Alan- please explain and/or cite sources for your claim of the entire world's population being able to "fit" inside Travis and Williamson county -- alive? standing? Stacked like cord wood? Explain why this factoid, if true, has any bearing on whether or not we are overpopulated. Surely you do not think the main problem with overpopulation is the physical space each human occupies?
    • Quote 2
      maylene said on Dec. 12, 2009 at 12:24 p.m.
      thanks for posting this q&a.. i learned a lot :)
    • Quote 2
      John Good said on Dec. 10, 2009 at 8:28 a.m.
      I find it interesting that this topic is a sanctioned discussion for non-scientists with a passion for climate change, as has been the case for some time now. Can we please re-narrow the qualifications? Can we back up and start actually sharing data and analysis techniques among all real climate scientists, with no impact on their funding or careers? And can we acknowledge that among these real climate scientists there is still real debate and doubt about human impact on climate change? And can we acknowledge that essentially none of the recent decades predictions by those with this "passion for climate change" have come true, even to the extent that the term "global warming" has in the last year of this discussion been steadily redacted and adjusted to apply to any weather outcome? So far, I see the greatest potential destructive impact on food supply being caused by passionate agenda-driven people handed power to directly impact global economies, and that is what is truly concerning and dangerous.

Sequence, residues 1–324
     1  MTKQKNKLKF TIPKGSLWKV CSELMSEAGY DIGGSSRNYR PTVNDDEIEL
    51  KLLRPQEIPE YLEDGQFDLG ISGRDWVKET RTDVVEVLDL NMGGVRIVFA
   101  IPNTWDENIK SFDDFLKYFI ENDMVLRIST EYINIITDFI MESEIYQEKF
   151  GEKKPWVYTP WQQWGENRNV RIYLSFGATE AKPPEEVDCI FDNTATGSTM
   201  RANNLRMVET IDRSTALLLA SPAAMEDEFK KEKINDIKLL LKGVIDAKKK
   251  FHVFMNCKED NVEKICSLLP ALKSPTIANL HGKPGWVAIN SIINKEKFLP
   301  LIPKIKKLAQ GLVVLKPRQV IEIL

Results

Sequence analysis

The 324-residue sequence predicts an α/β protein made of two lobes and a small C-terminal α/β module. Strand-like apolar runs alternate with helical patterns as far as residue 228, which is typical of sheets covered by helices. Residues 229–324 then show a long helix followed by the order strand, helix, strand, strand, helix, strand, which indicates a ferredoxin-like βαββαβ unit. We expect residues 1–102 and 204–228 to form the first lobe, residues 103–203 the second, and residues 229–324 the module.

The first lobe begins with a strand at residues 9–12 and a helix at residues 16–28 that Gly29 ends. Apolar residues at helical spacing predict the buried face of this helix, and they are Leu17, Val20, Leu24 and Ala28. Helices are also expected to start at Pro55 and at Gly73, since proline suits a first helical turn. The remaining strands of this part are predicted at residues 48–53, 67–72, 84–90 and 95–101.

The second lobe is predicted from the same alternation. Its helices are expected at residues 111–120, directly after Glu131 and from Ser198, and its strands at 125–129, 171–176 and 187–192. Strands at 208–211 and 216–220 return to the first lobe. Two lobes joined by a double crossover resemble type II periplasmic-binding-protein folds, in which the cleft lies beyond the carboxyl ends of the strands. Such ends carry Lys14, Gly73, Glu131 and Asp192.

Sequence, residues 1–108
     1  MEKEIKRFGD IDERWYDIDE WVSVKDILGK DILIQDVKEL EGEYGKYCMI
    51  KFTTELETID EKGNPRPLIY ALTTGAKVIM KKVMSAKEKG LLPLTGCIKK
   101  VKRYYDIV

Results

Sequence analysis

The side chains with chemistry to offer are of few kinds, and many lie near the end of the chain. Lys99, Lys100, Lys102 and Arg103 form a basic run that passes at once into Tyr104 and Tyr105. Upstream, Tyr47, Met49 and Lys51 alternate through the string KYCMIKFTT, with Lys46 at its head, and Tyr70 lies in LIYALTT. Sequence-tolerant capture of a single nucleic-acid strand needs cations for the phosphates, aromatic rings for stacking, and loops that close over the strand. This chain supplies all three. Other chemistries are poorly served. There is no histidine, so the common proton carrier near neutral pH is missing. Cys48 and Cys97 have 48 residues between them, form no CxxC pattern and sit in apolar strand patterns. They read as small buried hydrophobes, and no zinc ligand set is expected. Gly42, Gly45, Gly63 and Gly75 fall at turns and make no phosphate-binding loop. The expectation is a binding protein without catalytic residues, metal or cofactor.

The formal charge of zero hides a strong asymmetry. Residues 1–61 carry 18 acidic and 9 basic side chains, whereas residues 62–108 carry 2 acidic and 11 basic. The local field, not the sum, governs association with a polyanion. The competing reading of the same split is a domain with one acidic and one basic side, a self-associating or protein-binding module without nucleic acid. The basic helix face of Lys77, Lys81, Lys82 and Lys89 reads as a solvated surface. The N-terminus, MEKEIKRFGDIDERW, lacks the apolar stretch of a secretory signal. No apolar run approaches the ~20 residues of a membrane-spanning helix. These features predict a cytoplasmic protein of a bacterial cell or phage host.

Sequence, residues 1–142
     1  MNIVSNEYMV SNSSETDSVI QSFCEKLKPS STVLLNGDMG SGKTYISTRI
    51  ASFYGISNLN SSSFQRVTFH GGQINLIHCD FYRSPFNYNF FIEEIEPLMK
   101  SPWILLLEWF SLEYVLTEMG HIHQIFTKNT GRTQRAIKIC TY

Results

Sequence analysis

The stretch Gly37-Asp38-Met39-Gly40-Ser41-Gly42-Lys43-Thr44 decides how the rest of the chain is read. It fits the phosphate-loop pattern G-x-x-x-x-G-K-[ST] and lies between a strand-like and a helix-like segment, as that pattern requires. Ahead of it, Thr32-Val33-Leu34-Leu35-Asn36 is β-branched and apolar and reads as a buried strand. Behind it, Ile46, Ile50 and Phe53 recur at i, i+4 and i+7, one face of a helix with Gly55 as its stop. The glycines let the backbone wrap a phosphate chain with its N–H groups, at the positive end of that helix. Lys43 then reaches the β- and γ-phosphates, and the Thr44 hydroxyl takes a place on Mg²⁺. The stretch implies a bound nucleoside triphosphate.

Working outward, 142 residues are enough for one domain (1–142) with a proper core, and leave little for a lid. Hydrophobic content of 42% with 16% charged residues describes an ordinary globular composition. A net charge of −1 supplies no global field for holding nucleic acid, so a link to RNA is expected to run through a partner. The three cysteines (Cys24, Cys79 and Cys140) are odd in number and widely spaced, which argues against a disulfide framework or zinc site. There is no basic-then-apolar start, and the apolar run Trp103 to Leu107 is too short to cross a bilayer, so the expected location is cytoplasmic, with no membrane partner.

• Quote 2
      Alan McKendree said on Dec. 9, 2009 at 4:49 p.m.
      By the way, the plumes coming from the power plants in the picture above are simply steam. No need to run for your lives just yet.
    • Quote 2
      Alan McKendree said on Dec. 9, 2009 at 4:41 p.m.
      Capping carbon will have no effect other than to regress the economy back to 19th-century levels. Underdeveloped countries support climate change agreements because they see a way to guilt developed countries into sending them huge amounts of cash. And buying carbon "offsets" is nothing but acting out a ritual penance for consuming energy. In short, Dr. Busby, to quote the Firesign Theatre, everything you know is wrong. Time to reboot. Read Julian L. Simon and visit www.heartland.org for the beginning of more information, and to ease your fears (Ed Glass) about overpopulation. We're not overpopulated... the entire world's population could easily fit into Travis and Williamson counties combined.
    • Quote 2
      ed glass said on Dec. 9, 2009 at 2:11 p.m.
      All the above has some relevance to the problem(s), but it completely ignores the most important and fundamental root cause: overpopulation. Expanding human population is the principal driving force behind the majority of all environmental issues today. To ignore it because we are afraid to address it is dangerous and part of the problem itself.
    • Quote 2
      Kris Maxwell said on Dec. 7, 2009 at 1:30 p.m.
      I like these Q&As, but I don't know who these people are until I dig deeper and see what they're talking about. I would be more attracted by a title that addresses the content of the conversation, rather than the name of the speaker.